NEW DELHI :
The Lok Sabha on Wednesday cleared the Insolvency and Bankruptcy Code amendment bill that lays down the framework of a simpler alternative bankruptcy resolution framework for small businesses.
The bill seeks to replace an ordinance issued in April to roll out the ‘pre-pack’ scheme as an urgent measure. The simpler and alternative bankruptcy resolution scheme was offered on 4 April as the one-year suspension of bankruptcy action for defaults during the pandemic had expired in March and the authorities wanted to offer a simpler bankruptcy resolution scheme to small businesses in parallel. The pre-pack scheme is a less time-consuming and informal one up to a stage. Besides, the filing fee is also less than in the general bankruptcy provisions.
The most important feature of the pre-pack scheme is that unlike general bankruptcy provisions, proprietors or major shareholders of a small business do not lose operational control of the business to lenders once a pre-pack insolvency scheme commences. This is very important for small businesses because the best person to run the firm would be its promoters who get orders on the basis of personal relationships and are experts in that business. Also, getting outsiders to run small businesses may be a difficult task to achieve. The ‘debtor-in-control’ feature ensures that the business does not suffer any disruption. The ordinance said that the government felt it was expedient to provide an “efficient alternative insolvency resolution process for corporate persons classified as MSMEs (micro, small and medium enterprises)” under the IBC. The idea is to ensure quicker, cost-effective and value-maximizing outcomes for all the stakeholders, in a manner which is least disruptive to the continuity of the businesses and also preserves jobs.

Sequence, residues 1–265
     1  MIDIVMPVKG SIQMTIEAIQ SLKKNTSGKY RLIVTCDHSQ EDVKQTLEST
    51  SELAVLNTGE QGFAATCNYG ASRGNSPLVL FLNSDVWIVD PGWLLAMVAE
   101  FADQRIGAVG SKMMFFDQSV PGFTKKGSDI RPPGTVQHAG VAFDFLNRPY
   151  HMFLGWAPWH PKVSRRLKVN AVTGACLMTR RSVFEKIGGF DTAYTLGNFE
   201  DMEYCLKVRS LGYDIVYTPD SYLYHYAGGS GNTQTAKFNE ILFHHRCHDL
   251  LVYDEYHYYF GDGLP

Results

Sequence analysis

Almost 60% of the over 1.3 million active companies in the country are eligible for the pre-pack bankruptcy resolution scheme. That is because a large part of the functional companies fit in the definition MSMEs which are incorporated. Proprietorships are not covered by the scheme. An MSME which has not met its payment obligation of ₹10 lakh could, either on its own initiate a pre-pack bankruptcy resolution scheme with approval from lenders, or lenders representing 66% of the debt of the business could initiate the process. Under the scheme, lenders have extensive oversight but the business in distress enjoys moratorium from all recovery proceedings and remains in control of the operations so that there is no disruption to business and employment.
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